Every nutrient you consume must go through the gastrointestinal tract to be digested and absorbed. Many vitamins and minerals you must consume daily have similar cellular transports and thus compete for absorption. Understanding which minerals in milk compete with magnesium is important because it will help ensure you get maximum absorption of your magnesium supplement.
Video of the Day
Magnesium is a major mineral responsible for a variety of processes in the body, including synthesis of DNA, replication of DNA and RNA, muscle contractibility, aiding in protein synthesis and aiding over 300 enzymes in various metabolic processes. All of these processes are essential for life, and a deficiency in magnesium could alter many aspects of daily life.
Daily Requirement and Food Sources
Men between 19 and 30 should consume approximately 400 mg per day, and women of the same age should consume 310 mg of magnesium per day. Men older than 31 need 420 mg per day, and women need 320 mg per day of magnesium. Foods rich in magnesium include coffee, tea, nuts, legumes, whole-grain cereals, dairy products, dark green vegetables and some tofu.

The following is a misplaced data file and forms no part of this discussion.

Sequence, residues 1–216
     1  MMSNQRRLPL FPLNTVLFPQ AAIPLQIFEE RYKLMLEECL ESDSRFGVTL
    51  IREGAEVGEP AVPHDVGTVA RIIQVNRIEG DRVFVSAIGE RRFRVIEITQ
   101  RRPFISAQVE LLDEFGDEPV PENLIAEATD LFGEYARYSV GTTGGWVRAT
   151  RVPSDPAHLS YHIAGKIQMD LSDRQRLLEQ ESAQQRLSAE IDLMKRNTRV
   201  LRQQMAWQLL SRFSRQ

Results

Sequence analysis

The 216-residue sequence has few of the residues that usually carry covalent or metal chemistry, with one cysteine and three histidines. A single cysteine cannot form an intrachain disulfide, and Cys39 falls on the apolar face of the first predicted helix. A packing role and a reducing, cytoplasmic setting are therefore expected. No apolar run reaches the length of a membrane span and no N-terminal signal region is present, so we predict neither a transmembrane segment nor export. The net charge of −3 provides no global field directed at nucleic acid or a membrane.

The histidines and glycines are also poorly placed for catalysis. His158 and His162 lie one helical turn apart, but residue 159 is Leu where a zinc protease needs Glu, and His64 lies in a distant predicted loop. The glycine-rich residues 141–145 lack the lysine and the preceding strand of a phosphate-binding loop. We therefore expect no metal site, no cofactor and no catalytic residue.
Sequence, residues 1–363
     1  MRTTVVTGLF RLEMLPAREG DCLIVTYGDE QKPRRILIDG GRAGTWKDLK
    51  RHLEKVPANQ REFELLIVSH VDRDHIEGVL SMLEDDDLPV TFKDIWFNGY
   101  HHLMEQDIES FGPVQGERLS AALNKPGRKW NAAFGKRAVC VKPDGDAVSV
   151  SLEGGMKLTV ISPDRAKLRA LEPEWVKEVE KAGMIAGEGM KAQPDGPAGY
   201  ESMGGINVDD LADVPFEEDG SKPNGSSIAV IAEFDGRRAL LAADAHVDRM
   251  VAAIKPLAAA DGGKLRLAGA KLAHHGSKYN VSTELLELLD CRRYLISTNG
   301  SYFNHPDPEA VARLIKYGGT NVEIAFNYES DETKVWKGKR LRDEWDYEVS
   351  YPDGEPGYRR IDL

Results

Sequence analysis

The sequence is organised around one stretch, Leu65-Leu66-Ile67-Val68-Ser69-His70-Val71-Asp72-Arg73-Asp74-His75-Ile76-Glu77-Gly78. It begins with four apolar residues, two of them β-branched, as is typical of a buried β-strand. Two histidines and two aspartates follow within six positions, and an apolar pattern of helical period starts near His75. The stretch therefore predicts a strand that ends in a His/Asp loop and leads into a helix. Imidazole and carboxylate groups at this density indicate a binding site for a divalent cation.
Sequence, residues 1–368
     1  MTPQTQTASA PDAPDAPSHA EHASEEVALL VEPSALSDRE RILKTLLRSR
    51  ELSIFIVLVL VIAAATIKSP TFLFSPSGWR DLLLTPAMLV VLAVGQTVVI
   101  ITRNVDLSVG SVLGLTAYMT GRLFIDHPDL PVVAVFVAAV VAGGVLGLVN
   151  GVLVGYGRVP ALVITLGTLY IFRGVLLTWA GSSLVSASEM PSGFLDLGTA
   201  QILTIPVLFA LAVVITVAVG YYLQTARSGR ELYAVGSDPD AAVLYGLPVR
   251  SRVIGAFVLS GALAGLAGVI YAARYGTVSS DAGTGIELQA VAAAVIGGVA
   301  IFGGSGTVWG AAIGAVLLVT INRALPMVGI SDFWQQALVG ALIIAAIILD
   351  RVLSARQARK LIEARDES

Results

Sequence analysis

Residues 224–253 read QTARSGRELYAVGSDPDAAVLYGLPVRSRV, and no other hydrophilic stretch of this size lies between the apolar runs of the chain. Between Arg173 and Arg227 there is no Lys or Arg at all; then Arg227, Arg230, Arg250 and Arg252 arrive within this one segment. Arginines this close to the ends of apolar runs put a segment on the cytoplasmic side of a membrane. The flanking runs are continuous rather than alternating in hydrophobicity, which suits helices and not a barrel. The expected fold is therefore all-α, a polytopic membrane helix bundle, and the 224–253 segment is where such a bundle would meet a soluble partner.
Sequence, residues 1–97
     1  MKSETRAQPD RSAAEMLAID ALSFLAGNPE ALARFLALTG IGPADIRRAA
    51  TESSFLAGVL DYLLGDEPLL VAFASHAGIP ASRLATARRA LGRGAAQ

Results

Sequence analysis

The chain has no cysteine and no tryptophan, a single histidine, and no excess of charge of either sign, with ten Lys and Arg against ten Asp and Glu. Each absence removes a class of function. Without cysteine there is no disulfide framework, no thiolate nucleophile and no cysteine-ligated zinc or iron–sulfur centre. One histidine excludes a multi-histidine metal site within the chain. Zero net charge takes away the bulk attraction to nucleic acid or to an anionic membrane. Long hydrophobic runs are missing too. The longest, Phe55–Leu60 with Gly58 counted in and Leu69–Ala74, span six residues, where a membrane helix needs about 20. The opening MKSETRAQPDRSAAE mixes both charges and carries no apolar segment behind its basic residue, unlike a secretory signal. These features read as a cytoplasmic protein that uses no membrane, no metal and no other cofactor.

Magnesium and Milk
Although magnesium is found within milk, it may not be in your best interest to consume a magnesium supplement with a glass of milk. Magnesium and calcium have a complicated relationship. Both minerals have overlapping transport systems within the body, so when consumed together they compete for absorption. Magnesium also interacts with calcium at the muscle level and may interfere with muscle contractions as well.
When To Consume Magnesium
Consume your magnesium supplement at a time when you are not going to consume milk or a calcium supplement. Magnesium also interferes with phosphorus and potassium, so consume your supplement when you are not consuming large dosages of these minerals as well. Food sources of phosphorus include meat, poultry, nuts, milk and legumes. Food sources of potassium include avocados, bananas, oranges, potatoes, dairy products and eggs.
- “Advanced Nutrition and Human Metabolism”; Sareen Gropper; 2009
- “Krause’s Food & Nutrition Therapy”; L. Kathleen Mahan, M.S., R.D.; 2008